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Cancer Care Accounts for 5% of Direct US Health Expenditures

Cancer Care Accounts for 5% of Direct US Health Expenditures

LONG BEACH, Calif--Neoplasms account for more than 5% of the $675
billion in direct annual US health-care expenditures, Thomas C.
Tucker, MPH, said at the 1995 Quality of Life Symposium, sponsored
by St. Mary Medical Hospital. This figure, derived from a 1990
National Center for Health Statistics Survey, does not include
indirect costs, such as loss of wages, associated with morbidity
and mortality.

When the less malignant neoplasms (basal and squamous cell skin
cancers and in situ carcinoma of the cervix) are excluded, the
cost burden for cancer is about 4% of the direct expenditures.

Cancer accounts for an even larger proportion of US health-care
expenditures when both direct and indirect costs are combined.
"It is not a small proportion of the burden," said Mr.
Tucker, associate professor of health services management and
associate director for Cancer Control, University of Kentucky
Markey Cancer Center, Lexington.

The cancer care costs break down to about 65% for hospital care,
24% for physician services, and 4% for nursing home care, with
drugs and other services making up the remaining 6% or 7%. He
noted that the 65% for hospital care is much higher than the 40%
hospital expenditure for all diseases. Nursing home costs and
drug expenditures for cancer patients are also higher, but the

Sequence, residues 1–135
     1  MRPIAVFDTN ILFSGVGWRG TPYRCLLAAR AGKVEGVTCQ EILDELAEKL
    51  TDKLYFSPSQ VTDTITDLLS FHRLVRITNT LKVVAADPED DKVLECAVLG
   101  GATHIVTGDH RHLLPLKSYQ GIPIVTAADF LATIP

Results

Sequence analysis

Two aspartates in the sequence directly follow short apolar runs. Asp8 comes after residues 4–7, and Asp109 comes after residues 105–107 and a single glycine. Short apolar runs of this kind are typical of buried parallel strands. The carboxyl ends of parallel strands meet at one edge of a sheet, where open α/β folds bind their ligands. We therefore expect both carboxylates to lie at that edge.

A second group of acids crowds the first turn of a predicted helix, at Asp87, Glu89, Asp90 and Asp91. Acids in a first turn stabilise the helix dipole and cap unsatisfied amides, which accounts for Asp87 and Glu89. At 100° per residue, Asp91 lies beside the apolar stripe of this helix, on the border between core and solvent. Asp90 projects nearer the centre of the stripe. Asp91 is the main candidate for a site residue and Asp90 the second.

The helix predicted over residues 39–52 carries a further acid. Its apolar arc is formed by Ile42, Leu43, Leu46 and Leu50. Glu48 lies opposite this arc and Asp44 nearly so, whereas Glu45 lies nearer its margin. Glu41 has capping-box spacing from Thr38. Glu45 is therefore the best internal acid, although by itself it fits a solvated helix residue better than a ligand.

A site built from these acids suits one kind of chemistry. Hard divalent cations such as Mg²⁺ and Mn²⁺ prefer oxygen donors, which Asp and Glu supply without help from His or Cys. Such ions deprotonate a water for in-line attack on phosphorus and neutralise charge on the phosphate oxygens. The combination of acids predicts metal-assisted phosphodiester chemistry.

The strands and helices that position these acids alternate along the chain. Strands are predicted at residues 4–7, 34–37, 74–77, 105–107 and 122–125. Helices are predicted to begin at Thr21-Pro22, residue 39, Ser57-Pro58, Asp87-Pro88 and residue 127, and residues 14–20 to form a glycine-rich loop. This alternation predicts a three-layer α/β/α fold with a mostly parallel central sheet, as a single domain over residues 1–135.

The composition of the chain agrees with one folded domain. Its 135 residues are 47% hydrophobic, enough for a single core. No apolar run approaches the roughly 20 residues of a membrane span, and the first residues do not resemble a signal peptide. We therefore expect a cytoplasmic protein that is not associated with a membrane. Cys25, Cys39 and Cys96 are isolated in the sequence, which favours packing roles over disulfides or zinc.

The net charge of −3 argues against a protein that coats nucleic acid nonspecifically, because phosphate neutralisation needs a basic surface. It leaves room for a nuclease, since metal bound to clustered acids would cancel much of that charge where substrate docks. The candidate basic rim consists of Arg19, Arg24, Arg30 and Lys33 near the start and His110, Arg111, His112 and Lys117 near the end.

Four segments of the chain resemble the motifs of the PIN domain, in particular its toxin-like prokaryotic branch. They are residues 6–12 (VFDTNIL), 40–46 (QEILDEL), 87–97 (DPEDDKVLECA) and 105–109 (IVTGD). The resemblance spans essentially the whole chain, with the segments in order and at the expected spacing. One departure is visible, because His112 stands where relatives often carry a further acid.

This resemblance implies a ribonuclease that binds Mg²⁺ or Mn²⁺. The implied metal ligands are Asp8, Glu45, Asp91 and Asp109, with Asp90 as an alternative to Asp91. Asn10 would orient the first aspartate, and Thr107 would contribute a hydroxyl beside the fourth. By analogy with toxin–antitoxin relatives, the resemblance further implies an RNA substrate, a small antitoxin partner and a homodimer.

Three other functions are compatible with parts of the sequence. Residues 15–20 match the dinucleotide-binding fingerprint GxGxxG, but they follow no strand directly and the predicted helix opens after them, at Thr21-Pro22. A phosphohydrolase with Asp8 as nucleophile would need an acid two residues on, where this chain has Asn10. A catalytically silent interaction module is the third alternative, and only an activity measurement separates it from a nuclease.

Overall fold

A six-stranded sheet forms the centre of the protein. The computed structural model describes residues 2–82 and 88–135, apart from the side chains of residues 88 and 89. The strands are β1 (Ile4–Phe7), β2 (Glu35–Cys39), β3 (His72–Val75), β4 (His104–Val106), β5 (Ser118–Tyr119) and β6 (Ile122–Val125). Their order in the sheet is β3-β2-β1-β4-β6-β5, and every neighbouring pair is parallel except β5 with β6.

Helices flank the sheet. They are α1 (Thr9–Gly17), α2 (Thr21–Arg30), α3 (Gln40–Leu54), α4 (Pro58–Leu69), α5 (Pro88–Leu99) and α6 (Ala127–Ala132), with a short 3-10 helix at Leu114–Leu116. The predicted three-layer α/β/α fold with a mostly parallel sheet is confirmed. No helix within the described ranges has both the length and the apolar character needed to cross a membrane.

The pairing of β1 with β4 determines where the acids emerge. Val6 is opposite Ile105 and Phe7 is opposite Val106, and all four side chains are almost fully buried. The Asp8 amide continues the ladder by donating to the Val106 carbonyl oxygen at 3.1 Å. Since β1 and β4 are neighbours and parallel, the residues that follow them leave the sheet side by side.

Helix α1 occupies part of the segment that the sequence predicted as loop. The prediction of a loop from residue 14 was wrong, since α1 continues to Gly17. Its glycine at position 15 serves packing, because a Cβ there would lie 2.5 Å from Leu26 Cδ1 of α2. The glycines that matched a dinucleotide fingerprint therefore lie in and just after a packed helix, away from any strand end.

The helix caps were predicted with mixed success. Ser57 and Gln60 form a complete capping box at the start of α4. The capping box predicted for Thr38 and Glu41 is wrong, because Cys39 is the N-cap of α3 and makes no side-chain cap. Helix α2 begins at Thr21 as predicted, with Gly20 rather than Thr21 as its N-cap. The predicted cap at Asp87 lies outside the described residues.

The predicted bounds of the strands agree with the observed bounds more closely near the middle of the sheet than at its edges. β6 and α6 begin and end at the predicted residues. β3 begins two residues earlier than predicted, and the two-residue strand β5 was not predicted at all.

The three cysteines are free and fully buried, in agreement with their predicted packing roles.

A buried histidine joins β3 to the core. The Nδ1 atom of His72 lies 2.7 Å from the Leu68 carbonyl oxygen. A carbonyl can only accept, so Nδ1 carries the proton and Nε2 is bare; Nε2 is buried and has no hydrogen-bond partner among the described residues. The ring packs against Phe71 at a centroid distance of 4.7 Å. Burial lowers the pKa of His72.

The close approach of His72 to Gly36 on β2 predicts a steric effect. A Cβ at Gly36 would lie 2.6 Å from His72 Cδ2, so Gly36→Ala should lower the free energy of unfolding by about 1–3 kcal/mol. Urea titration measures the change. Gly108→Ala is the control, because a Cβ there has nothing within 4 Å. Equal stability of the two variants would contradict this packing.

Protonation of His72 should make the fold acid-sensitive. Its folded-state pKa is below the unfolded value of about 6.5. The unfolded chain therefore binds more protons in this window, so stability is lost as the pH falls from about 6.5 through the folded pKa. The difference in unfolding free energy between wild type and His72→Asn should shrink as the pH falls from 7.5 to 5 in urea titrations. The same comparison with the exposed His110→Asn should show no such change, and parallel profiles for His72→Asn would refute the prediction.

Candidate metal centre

physician expenditures are similar to those for the total of all
diseases.

Mr. Tucker described a 1989 study based on Medicare's Continuous
Medical History sample file (about 5% of all Medicare cases),
which includes all the expenditures related to care of patients
in the file who ultimately died of their disease. This study sorted
out direct expenditures into three parts: the first 3 months of
care, the monthly cost of continuing care, and the terminal phase
of care, ie, the last 6 months of life.

Initial costs for patients with the same cancer varied considerably,
he said, depending on the stage at diagnosis and initial treatment.
Surgery, for example, has a major impact. Continuing cost also
varied, since it was determined by multiplying the monthly expense
by the number of months the patient lived. The cost of the last
6 months of care did not vary much for patients with the same
disease.

Using the Medicare data, the US expenditure on the treatment of
breast cancer in 1990 was estimated at $6.5 billion, followed
by colon cancer, lung cancer, prostate cancer, and bladder cancer.
More than two thirds of the cost are accounted for by these five
tumors, Mr. Tucker said, and, in fact, well over half are accounted
for by only the first four tumors.

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